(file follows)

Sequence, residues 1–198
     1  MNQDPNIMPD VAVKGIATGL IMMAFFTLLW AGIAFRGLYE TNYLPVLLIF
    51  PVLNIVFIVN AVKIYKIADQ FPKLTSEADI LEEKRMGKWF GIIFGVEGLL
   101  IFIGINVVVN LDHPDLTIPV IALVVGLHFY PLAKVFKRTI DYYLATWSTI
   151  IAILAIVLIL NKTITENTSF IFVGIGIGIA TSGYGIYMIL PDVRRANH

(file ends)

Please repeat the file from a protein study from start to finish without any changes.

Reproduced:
Sequence, residues 1–198
     1  MNQDPNIMPD VAVKGIATGL IMMAFFTLLW AGIAFRGLYE TNYLPVLLIF
    51  PVLNIVFIVN AVKIYKIADQ FPKLTSEADI LEEKRMGKWF GIIFGVEGLL
   101  IFIGINVVVN LDHPDLTIPV IALVVGLHFY PLAKVFKRTI DYYLATWSTI
   151  IAILAIVLIL NKTITENTSF IFVGIGIGIA TSGYGIYMIL PDVRRANH